Amīr Ḳhusrau's inventions and innovations: Amīr Ḳhusrau, who had an innovative temperament of a high order for creation and invention, used a mixture of Braj Bhasha [with Persian] to open a magic-house of literary style in the land of poetry. Ḳhāliq bārī, a condensation of which is still the daily fare of children today, was in many voluminous parts. In it Persian meters first made themselves felt, and from it we can also tell what words were current at the time that have now been given up. In addition, he composed many riddles of a rare and extraordinary refinement, from which we can tell what relish the salt of Persian had added to the flavor of Hindi. Mukarnī, misjoinders, do suḳhanahs, and so on are the special quality of his mirror. I record examples of each, because from them too some information can be gathered about the language of that period.

Riddles: [Examples are provided: riddles based on #68# the neem-berry, the mirror, the fingernail, and the dumb person.]

Songs for women: In Delhi, or rather in a number of the cities of India, the custom is that at the height of the rainy season, most women have stakes driven into the ground--or if there's a tree, they use that--and have a swing put up. They gather together and swing, and sing songs, and enjoy themselves. There will scarcely be a single woman among them who doesn't sing this song: 'My beloved said he would come, / My lord has not come, / Alas, my beloved said he would come, / He said he would come, would come, / He has not come for a whole twelve months, / Alas, my beloved said he would come', and so on. This song too is by Amīr Ḳhusrau, and it is in the Barvā rāg that he invented. Bravo!--what tongues those people had, that whatever fell from their lips pleased the whole world, and engraved itself on the heart of the age! Composers have composed thousands of songs, singers have sung them; they are here today, and forgotten tomorrow. Six hundred years have passed. His songs are alive even today, and give brightness to every rainy season. If this marvelous acceptance is not an innate, divine gift, then what is it?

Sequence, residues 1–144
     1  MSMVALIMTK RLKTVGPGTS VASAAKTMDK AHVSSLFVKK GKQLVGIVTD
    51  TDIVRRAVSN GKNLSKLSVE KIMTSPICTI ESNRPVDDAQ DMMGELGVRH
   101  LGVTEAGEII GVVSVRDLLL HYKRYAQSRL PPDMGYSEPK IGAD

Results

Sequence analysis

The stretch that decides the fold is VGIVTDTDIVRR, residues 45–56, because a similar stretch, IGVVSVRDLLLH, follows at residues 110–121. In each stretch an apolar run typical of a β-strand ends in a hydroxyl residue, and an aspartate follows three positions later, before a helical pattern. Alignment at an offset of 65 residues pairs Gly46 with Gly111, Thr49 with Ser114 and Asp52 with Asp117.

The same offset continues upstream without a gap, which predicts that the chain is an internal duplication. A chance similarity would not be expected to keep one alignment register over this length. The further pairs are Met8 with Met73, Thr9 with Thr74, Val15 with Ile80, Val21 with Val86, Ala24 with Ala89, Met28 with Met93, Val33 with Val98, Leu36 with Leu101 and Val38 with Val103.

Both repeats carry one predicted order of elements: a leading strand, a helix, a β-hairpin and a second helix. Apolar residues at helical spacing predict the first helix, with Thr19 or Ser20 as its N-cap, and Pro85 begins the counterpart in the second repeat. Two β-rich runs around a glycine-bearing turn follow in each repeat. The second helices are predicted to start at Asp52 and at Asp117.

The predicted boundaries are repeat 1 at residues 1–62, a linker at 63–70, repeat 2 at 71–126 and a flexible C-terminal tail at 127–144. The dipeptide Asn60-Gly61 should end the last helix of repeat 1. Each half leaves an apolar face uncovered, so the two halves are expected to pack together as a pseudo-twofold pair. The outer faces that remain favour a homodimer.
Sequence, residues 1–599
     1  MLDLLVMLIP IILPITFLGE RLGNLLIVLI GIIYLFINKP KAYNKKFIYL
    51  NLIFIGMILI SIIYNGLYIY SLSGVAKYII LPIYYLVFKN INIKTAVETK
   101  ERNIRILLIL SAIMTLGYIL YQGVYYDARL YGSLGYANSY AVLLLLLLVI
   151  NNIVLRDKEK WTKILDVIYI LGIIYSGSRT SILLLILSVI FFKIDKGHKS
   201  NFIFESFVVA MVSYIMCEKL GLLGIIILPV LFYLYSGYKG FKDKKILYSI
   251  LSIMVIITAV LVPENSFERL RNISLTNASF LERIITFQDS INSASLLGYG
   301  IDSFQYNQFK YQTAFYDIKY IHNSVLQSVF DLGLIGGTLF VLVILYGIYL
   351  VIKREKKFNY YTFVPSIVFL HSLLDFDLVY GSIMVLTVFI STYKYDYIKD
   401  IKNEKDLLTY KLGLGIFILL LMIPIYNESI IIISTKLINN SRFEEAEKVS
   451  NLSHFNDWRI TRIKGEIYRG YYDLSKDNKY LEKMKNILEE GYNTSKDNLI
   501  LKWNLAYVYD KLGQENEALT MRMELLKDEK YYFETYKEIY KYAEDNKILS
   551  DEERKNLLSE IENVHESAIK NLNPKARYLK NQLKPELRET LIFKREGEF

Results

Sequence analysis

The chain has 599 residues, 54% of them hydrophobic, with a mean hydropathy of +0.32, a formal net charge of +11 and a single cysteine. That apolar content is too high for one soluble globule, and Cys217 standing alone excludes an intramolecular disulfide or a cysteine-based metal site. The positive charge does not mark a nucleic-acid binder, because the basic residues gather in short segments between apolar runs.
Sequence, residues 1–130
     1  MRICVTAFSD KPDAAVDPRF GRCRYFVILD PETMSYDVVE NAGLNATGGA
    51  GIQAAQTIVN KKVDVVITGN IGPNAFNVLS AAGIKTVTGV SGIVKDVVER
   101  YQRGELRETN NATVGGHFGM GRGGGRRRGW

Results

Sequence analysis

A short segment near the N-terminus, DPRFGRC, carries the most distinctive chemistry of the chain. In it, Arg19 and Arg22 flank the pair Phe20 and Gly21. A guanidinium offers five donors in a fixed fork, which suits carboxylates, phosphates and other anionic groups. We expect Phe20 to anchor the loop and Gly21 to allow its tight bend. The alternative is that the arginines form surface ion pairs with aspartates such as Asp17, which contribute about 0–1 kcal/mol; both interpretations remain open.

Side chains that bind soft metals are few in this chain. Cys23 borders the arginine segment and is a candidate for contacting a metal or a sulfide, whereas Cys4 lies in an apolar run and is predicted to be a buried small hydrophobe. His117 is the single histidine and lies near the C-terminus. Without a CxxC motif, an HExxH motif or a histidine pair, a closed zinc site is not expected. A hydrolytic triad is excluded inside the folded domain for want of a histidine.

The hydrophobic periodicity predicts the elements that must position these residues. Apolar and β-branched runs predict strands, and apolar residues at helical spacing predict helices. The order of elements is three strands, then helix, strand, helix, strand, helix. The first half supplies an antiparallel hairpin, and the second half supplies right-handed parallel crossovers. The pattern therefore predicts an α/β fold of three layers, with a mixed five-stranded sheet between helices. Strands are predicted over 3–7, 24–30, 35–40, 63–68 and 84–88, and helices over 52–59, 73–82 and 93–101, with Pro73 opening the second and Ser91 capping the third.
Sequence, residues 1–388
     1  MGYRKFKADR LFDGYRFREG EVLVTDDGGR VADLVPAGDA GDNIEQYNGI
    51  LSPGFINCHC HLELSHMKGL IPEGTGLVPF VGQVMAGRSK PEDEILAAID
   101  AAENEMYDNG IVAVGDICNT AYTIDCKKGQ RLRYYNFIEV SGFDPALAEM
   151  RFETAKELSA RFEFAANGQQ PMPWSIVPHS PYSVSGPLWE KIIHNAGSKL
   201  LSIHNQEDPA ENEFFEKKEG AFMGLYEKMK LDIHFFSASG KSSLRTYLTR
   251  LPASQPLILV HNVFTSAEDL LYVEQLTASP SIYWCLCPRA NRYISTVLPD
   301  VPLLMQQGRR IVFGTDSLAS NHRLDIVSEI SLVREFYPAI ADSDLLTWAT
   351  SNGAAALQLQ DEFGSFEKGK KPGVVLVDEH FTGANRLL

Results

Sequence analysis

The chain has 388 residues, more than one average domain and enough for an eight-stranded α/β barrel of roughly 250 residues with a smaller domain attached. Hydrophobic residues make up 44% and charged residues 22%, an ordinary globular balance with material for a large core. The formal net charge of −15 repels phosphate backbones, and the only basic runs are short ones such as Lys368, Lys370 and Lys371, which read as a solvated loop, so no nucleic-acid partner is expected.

For grown-up women to sing, there were songs like that. For young girls to sing about their 'beloved' and their 'lord' was not suitable; but they too had longings in their hearts, they too had to celebrate the glory of the season. For them, he composed other songs. Thus, it's as if a girl is in her in-laws' house. The rainy season has come; she swings. And remembering her mother, she sings, 'Mother, send my father please, for the rains have come (that is, to bring me home), / Daughter, your father is old, for the rains have come (that is, how can he come?), / #69# Mother, send my brother please, for the rains have come, / Daughter, your brother is young, for the rains have come (that is, how can a child come so far alone?), / Mother, send my uncle please, for the rains have come (that is, those two excuses don't apply to him), / Daughter, your uncle is frivolous, for the rains have come (that is, does he ever do what I say?)'. Just look a bit closely. Despite their learning and venerability and high level of poetic thought, when those people bent toward lowness, they reached down so far that they dug up even seeds from under the ground. Look at these words and thoughts--how they are immersed in Nature [nechar]! How very genuinely they present the natural thoughts and heartfelt longings of women and girls!